30. 30. Escuela de Verano – Evaluación del Medicamento • In Germany and France the emphasis of the recent reforms is centred around the evidence requirements and, in particular, the use of comparators and head-to-head trials. • In the UK, however, VBP is about the weighting given to the evidence and the social value of a drug; for instance, does a drug fulfil an unmet need or is there a high burden of illness associated with this particular disease? • Overall there is an increasing emphasis on proving innovation and/or an additional health benefit in order to get a high(er) price (relative to comparators) • Evidence requirements are stricter 30 Some Common Themes
  31. 31. Escuela de Verano – Evaluación del Medicamento • Characterising innovation in general and for medicines • How do payers define innovation for medicines? • Rewarding innovation – case studies • Final remarks Agenda 31
  32. 32. Escuela de Verano – Evaluación del Medicamento • This study reviews appraisals of breast cancer and colorectal cancer medicines carried out by HTA agencies in a selection of industrialised countries • Aims: identify key drivers of decisions and to understand the similarities and differences in the requirements of different agencies • Breast cancer and colorectal cancer represent two of the most prevalent types of cancer in industrialized countries, with a relative abundance of publicly available data relating to pharmaceutical advances in these diseases Rewarding innovation 32
  33. 33. Escuela de Verano – Evaluación del Medicamento • Examination of reimbursement decisions made in Australia, Canada, England and Wales, France and Scotland for: • 9 medicines for breast cancer (40 decisions) • 8 drugs for colorectal cancer (36 decisions Case Studies: Defining and Rewarding Incremental Innovation in Breast and Colorectal Cancer Positive Restricted Negative Breast (n=39) 62% 17% 21% Colorectal (n=38) 42% 13% 45% • Well established reimbursement systems with similar goals • But often reach different conclusions about the value of a particular medicine • Explained by differences in their approach to assessment 33
  34. 34. Escuela de Verano – Evaluación del Medicamento Use of surrogate endpoints Patient voice Comparator issues Dealing with uncertainty and available evidence Issues Discussion Four broad areas where differences of approach to assessment appear to have led to differences in decisions about whether to fund a particular medicine 34
  35. 35. Escuela de Verano – Evaluación del Medicamento • Characterising innovation in general and for medicines • How do payers define innovation for medicines? • Rewarding innovation – case studies • Final remarks Agenda 35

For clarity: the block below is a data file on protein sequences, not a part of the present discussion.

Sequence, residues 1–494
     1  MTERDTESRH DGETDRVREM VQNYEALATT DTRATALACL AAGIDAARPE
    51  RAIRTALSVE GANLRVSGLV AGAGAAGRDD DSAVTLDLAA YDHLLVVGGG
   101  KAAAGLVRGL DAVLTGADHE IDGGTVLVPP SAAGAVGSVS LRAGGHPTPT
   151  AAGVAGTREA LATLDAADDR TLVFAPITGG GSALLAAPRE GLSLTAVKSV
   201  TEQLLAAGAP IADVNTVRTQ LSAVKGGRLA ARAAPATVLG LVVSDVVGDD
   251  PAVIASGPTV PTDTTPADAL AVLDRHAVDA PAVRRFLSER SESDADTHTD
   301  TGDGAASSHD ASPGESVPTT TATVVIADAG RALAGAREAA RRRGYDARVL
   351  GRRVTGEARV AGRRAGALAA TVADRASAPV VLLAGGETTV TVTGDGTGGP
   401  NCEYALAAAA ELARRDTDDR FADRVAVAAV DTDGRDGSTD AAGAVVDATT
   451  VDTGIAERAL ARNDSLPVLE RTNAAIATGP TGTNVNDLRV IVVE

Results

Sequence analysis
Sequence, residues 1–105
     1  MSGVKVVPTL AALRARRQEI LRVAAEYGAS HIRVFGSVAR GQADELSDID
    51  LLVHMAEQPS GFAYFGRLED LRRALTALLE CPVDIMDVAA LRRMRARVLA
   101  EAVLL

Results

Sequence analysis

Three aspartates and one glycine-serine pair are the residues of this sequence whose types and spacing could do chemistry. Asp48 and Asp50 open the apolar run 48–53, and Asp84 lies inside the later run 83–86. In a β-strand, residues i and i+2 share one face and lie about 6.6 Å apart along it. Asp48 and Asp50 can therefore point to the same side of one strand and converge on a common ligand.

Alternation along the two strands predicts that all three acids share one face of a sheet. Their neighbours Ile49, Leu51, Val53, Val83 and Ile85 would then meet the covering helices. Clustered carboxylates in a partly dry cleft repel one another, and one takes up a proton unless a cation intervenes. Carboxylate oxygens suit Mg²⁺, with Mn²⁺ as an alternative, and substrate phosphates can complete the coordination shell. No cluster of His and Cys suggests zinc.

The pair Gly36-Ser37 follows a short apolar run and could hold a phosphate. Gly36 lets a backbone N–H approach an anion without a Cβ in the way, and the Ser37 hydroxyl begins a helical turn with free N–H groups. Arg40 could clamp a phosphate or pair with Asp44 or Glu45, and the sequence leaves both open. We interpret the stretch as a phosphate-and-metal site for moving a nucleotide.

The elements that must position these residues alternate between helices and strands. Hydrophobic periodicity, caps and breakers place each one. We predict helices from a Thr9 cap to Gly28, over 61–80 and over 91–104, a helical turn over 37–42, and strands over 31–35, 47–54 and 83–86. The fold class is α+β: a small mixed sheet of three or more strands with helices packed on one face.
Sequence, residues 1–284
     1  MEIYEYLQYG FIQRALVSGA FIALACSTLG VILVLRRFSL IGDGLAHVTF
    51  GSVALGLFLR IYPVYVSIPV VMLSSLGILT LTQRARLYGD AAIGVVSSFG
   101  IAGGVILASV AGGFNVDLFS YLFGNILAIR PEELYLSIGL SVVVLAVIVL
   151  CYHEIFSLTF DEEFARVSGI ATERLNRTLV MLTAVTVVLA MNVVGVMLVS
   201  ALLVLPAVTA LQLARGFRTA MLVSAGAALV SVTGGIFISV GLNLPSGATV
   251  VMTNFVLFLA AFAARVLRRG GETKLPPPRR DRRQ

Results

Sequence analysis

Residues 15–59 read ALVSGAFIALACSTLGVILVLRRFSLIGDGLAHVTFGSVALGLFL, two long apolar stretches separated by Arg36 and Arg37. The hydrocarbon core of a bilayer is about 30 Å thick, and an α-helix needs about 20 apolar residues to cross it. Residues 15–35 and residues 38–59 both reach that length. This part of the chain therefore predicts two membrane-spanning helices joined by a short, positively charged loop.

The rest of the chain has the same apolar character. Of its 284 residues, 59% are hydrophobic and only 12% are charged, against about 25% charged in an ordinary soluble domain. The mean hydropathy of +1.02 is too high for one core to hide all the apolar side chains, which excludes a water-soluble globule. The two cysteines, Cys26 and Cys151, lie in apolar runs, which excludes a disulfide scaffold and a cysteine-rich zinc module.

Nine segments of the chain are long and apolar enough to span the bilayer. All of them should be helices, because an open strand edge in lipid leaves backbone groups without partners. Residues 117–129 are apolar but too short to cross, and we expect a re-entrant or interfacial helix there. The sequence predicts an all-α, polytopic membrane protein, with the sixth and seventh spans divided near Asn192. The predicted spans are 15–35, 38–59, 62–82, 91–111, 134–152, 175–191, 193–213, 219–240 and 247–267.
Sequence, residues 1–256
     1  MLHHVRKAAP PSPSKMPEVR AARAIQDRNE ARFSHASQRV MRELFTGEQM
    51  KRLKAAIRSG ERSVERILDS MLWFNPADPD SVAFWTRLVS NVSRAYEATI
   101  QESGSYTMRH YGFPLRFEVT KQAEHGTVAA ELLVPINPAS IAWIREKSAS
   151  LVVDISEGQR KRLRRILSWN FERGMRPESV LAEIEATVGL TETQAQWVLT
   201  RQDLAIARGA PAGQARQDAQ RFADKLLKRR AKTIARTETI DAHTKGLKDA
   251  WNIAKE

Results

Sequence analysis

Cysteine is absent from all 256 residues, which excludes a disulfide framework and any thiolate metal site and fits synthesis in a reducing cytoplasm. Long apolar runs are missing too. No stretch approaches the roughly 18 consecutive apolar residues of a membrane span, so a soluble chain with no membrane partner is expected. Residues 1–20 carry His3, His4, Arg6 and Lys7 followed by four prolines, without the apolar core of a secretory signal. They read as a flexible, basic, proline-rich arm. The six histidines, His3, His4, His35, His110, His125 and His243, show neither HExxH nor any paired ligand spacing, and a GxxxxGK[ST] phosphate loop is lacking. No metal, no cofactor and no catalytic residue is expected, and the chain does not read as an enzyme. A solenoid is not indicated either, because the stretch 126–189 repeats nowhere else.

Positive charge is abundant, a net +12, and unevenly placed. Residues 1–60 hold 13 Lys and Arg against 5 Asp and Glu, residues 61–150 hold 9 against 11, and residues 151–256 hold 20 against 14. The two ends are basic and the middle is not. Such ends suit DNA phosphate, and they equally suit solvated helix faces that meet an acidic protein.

36. 36. Escuela de Verano – Evaluación del Medicamento 1. Innovation in pharmaceuticals, or indeed any other area, should not be described as binary—it is a matter of degree 2. The ultimate arbiters of the innovativeness of a new product (in the absence of externalities) are the users. For medicines, the ‘users’ include patients who take the medicines, payers who bear the financial costs, prescribers who decide which medicine is used, and carers who offer support to patients => Thus, innovation in medicines should be treated as a multidimensional concept: a new medicine may be more or less innovative along any one or more of the dimensions 3. Pharmaceutical R&D is a risky process with uncertain outcomes. Consequently (dis-)incentives for innovation can be expected to affect all magnitudes and dimensions of innovation inextricably Final remarks 36
  37. 37. Escuela de Verano – Evaluación del Medicamento 4. The full assessment of innovation of medicines is only possible well after launch because many valuable therapeutic benefits are not appreciated until long after launch. This means that if these drugs are not launched or not used, many of these additional benefits will not be realised 5. The published literature shows that dynamic R&D competition between organisations drives greater R&D efficiency and productivity as well as the potential for price competition when the result is that more than one molecule is launched within a therapeutic area. For companies, dynamic competition drives their R&D process and decision-making. For payers, price competition can generate savings. Overall, dynamic efficiency reduces the time patients must wait to get access to new technologies and yields differentiated medicines, enabling better matching to different patients’ needs Final remarks 37
  38. 38. Escuela de Verano – Evaluación del Medicamento 6. Differences in key considerations across HTA agencies can sometimes mean that they reach different recommendations when assessing the same products 7. Any policy that does not recognise all aspects of value as well as the costs to the payers, and that has the potential to increase the uncertainty of future earnings if a company fails to launch the first-in-class medicine, might end up discouraging potential worthwhile R&D investment 8. Pricing and reimbursement or health technology assessment (HTA) regulation that ignores or subverts the previous concluding points risks stifling socially-valuable innovation Final remarks 38
  39. 39. Escuela de Verano – Evaluación del Medicamento To enquire about additional information and analyses, please contact Dr. Jorge Mestre-Ferrandiz at jmestre-ferrandiz@ohe.org To keep up with the latest news and research, subscribe to our blog, OHE News Follow us on Twitter @OHENews, LinkedIn and SlideShare Office of Health Economics (OHE) Southside, 7th Floor 105 Victoria Street London SW1E 6QT United Kingdom +44 20 7747 8850 www.ohe.org OHE’s publications may be downloaded free of charge for registered users of its website. ©2013 OHE 39